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|Title:||Self-guided internet-delivered cognitive behavior therapy (iCBT) for obsessive-compulsive disorder: 12 month follow-up||Contributor(s):||Wootton, Bethany (author); Dear, Blake F (author); Johnston, Luke (author); Terides, Matthew D (author); Titov, Nickolai (author)||Publication Date:||2015||Open Access:||Yes||DOI:||10.1016/j.invent.2015.05.003||Handle Link:||https://hdl.handle.net/1959.11/19639||Abstract:||Internet-delivered cognitive behavior therapy (iCBT) may reduce barriers to treatment faced by people with obsessive-compulsive disorder (OCD). To date, most research on iCBT for OCD has evaluated clinician-guided treatments. However, self-guided treatments, which do not involve contact with a clinician, have considerable public health potential and may be particularly advantageous for those patients who report stigma as a principal barrier to treatment. The findings of a recent trial of self-guided iCBT for symptoms of OCD highlighted the potential of this approach and found large within-group effect sizes from pre- to post-treatment on the YBOCS-SR (d = 137), sustained at 3-month follow-up (d = 1.17).1n addition, 32% of participants met criteria for clinically significant change at 3-month follow-up. The present study reports the long-term outcomes of that trial (N = 28). Twelve out of 18 participants (43%) completed the 12 month follow-up. A large within-group effect size was found on the YBOCS-SR (d = 1.08) and 33% met criteria for clinically significant change at 12-month follow-up. No significant changes in symptoms were found between 3-month follow-up and 12-month follow-up, demonstrating that participants maintained their treatment gains in the long term. These results add to the emerging literature supporting the potential of self-guided iCBT for individuals with symptoms of OCD.||Publication Type:||Journal Article||Source of Publication:||Internet Interventions, 2(3), p. 243-247||Publisher:||Elsevier BV||Place of Publication:||Amsterdam, The Netherlands||ISSN:||2214-7829||Field of Research (FOR):||170106 Health, Clinical and Counselling Psychology||Socio-Economic Objective (SEO):||920410 Mental Health||Peer Reviewed:||Yes||HERDC Category Description:||C1 Refereed Article in a Scholarly Journal||Statistics to Oct 2018:||Visitors: 59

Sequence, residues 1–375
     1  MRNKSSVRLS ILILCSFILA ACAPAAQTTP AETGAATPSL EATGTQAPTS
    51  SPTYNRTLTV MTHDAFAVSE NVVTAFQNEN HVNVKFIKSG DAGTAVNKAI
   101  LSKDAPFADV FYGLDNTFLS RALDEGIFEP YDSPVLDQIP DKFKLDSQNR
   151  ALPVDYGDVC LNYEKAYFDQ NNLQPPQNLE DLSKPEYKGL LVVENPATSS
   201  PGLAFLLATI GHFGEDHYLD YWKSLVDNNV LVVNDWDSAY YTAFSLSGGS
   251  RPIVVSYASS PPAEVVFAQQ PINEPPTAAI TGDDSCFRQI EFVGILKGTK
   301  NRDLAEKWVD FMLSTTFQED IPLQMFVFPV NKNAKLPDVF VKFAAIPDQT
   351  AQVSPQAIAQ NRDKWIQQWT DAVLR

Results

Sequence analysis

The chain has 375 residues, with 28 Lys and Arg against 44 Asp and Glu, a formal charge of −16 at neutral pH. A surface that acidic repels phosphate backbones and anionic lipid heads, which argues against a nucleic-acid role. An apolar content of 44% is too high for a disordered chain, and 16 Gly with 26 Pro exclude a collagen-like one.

|Appears in Collections:||Journal Article|
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